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Horace Greeley, The American Conflict: A History of the Great Rebellion in the United States of America, 1860-65: its Causes, Incidents, and Results: Intended to exhibit especially its moral and political phases with the drift and progress of American opinion respecting human slavery from 1776 to the close of the War for the Union. Volume I. 98 4 Browse Search
Benson J. Lossing, Pictorial Field Book of the Civil War. Volume 1. 90 0 Browse Search
Rebellion Record: a Diary of American Events: Documents and Narratives, Volume 2. (ed. Frank Moore) 88 2 Browse Search
Rebellion Record: a Diary of American Events, Diary from December 17, 1860 - April 30, 1864 (ed. Frank Moore) 70 2 Browse Search
Col. John C. Moore, Confederate Military History, a library of Confederate States Military History: Volume 9.2, Missouri (ed. Clement Anselm Evans) 61 3 Browse Search
Rebellion Record: a Diary of American Events: Documents and Narratives, Volume 1. (ed. Frank Moore) 57 1 Browse Search
Harper's Encyclopedia of United States History (ed. Benson Lossing) 30 0 Browse Search
Robert Underwood Johnson, Clarence Clough Buell, Battles and Leaders of the Civil War: The Opening Battles. Volume 1. 18 2 Browse Search
Colonel William Preston Johnston, The Life of General Albert Sidney Johnston : His Service in the Armies of the United States, the Republic of Texas, and the Confederate States. 6 0 Browse Search
John F. Hume, The abolitionists together with personal memories of the struggle for human rights 6 0 Browse Search
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Browsing named entities in Col. John C. Moore, Confederate Military History, a library of Confederate States Military History: Volume 9.2, Missouri (ed. Clement Anselm Evans). You can also browse the collection for Claiborne F. Jackson or search for Claiborne F. Jackson in all documents.

Your search returned 32 results in 9 document sections:

se, 58,801 were given to the Douglas electors; 58,373 to the Bell electors; 31,317 to the Breckinridge electors; and 17,165 to the Lincoln electors. The vote, however, did not correctly represent the sentiment of the people of the State. Claiborne F. Jackson was the regular Democratic nominee for governor. He was a good man, in a personal sense, and thoroughly loyal to the institutions of the State and the South. But as a matter of policy he declared his intention early in the campaign to suappearance of being the nominee and representative of the party. The more pronounced Southern men, the Breckinridge Democrats, refused to follow his lead, and nominated Hancock Jackson for governor, with a fill electoral ticket. No doubt Claiborne F. Jackson thought he was acting for the best interests of the State and the cause to which he was strongly attached. But he was not. His precipitate movement in favor of Douglas divided Southern men and produced discord among them, when it was desi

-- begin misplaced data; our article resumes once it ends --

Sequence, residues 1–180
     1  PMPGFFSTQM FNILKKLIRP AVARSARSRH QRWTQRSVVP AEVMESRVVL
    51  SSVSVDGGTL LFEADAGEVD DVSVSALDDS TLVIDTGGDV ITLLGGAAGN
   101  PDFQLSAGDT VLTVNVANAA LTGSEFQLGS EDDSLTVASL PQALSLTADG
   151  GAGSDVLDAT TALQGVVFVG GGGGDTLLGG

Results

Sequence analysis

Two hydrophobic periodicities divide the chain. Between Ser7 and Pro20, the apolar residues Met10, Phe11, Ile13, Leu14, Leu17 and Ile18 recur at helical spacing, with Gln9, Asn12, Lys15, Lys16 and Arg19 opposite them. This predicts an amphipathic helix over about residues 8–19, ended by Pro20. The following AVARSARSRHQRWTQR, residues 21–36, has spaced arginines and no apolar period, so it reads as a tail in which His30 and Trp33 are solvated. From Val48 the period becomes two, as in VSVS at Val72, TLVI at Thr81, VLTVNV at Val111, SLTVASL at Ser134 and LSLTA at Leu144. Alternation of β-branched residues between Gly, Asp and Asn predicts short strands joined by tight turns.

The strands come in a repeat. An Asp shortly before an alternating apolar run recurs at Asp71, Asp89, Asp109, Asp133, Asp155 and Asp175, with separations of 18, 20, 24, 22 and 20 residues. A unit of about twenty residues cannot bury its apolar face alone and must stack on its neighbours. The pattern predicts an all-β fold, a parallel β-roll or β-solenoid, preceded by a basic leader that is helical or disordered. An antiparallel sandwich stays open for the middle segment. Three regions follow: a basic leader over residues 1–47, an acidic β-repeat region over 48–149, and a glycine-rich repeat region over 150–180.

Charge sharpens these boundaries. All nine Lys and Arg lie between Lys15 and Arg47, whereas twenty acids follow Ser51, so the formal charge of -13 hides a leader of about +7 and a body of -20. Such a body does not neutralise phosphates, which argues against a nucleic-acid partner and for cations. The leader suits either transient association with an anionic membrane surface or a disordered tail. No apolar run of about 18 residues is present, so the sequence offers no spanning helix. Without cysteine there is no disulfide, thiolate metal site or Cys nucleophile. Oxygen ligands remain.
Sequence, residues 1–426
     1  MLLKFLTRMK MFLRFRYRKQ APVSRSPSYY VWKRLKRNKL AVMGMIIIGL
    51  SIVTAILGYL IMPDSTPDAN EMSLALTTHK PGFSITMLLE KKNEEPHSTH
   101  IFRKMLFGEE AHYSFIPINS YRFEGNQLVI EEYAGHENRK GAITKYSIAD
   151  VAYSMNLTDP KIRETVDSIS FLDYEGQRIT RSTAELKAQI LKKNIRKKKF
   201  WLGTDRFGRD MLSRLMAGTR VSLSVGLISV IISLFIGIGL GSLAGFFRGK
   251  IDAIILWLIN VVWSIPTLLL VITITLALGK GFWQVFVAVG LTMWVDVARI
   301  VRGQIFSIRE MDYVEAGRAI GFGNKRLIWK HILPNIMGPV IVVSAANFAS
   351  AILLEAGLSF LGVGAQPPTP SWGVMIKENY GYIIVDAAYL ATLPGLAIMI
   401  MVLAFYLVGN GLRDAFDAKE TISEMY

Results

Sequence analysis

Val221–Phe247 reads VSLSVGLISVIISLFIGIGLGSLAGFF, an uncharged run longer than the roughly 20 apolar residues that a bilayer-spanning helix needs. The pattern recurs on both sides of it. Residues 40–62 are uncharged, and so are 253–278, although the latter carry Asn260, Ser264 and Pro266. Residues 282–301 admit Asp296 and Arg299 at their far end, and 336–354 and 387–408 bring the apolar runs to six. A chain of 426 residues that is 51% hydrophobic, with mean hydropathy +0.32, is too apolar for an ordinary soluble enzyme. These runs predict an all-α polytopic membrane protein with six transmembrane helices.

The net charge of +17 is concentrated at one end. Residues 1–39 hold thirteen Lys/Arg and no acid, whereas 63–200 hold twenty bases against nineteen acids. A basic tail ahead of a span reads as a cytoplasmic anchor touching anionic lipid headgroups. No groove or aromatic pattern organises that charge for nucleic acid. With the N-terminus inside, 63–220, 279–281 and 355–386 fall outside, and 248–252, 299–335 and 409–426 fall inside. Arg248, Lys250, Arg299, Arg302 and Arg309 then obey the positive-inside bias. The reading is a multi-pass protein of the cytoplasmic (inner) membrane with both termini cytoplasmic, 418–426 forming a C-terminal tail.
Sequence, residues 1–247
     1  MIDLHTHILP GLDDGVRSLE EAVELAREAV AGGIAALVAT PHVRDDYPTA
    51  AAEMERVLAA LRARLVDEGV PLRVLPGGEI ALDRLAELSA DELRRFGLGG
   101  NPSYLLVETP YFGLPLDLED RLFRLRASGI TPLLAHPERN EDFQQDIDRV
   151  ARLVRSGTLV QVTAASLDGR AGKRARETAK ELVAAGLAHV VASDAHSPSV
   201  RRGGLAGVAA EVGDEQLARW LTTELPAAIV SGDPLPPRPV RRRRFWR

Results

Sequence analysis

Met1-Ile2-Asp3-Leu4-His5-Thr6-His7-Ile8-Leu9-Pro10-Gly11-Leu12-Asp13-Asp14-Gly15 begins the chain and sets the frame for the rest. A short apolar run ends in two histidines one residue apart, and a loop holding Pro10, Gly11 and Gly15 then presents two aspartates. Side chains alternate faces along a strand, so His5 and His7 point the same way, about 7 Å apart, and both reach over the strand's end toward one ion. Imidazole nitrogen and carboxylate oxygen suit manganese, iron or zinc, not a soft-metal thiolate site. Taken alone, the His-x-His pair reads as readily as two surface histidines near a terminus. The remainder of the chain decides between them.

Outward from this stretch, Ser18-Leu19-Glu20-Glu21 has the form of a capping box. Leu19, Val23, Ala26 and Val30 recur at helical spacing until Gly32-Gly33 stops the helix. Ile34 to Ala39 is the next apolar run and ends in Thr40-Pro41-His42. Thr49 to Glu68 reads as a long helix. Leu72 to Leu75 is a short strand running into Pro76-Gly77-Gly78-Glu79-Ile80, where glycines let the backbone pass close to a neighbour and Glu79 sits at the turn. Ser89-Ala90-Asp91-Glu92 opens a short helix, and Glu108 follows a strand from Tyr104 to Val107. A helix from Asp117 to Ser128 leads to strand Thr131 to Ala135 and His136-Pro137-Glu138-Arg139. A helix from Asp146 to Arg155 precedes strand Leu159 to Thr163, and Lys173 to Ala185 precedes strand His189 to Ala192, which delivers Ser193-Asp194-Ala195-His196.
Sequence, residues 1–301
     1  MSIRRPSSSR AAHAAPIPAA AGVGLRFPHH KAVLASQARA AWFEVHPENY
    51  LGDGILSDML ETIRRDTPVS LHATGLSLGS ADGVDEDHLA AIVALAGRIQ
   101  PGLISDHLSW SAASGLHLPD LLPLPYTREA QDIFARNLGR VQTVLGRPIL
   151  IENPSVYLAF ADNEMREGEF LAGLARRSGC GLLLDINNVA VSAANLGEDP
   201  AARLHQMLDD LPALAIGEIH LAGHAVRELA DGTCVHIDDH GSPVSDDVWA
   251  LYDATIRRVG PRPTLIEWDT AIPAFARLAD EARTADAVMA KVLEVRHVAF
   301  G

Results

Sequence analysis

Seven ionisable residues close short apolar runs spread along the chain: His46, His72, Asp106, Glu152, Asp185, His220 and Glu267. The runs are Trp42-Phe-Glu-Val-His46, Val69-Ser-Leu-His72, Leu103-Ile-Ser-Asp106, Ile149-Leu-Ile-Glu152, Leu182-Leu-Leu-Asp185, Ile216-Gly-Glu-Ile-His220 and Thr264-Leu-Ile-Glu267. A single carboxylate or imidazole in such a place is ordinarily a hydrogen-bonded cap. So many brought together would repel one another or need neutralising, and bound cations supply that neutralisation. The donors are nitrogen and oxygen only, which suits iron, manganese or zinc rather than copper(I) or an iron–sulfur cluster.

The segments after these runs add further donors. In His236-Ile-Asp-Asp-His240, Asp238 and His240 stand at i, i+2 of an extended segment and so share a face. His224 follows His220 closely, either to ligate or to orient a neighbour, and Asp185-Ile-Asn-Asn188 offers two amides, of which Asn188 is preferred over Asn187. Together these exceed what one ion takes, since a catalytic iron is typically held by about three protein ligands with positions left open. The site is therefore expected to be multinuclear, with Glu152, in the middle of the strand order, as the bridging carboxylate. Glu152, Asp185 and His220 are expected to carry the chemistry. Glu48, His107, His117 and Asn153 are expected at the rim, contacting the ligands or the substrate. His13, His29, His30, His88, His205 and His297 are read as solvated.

Chapter 2: The legislature Meets Governor Stewart's farewell message Governor Jackson's inaugural bills to call a State convention and to organize the State militia the convention bill rights. The same day the newly elected State officers took the oath of office, and Gov. Claiborne F. Jackson sent his inaugural address to the two houses. Governor Jackson was a Kentuckian of ViGovernor Jackson was a Kentuckian of Virginian descent. He was a middle-aged man of dignified and impressive bearing, a farmer of independent fortune, and had been a citizen of the State for forty years. He was a forcible speaker, a debatme recognized as one of the most positive and active of Southern leaders. In his address Governor Jackson traced the origin and growth of the anti-slavery party, and showed that it was in violationh money to organize and arm them—and assumed such an arrogant and threatening demeanor that Governor Jackson was appealed to by quiet citizens for protection. He had no authority to call out the mili
ley, mayor of the city, was chairman. The first Home Guard company organized was composed mostly of Germans, but had a few Americans in it. Blair never shrank from responsibility, and he became captain of the company. In a short time eleven companies, composed almost entirely of Germans, aggregating about 750 officers and men, were organized. This was before the inauguration of Lincoln, and they were armed in part by the governor of Illinois and equipped by private contributions. Governor Jackson was powerless to do anything to offset these preparations on the part of Blair and the Union men, owing to the refusal of the legislature to pass the military bill. The State government was effectually blocked by the inaction of the lower house. But in the Southern element in St. Louis were a number of young men, active and enthusiastic in the cause of the South, who had previously been held in check by their elders, but now determined to act on their own account. Chief among them wa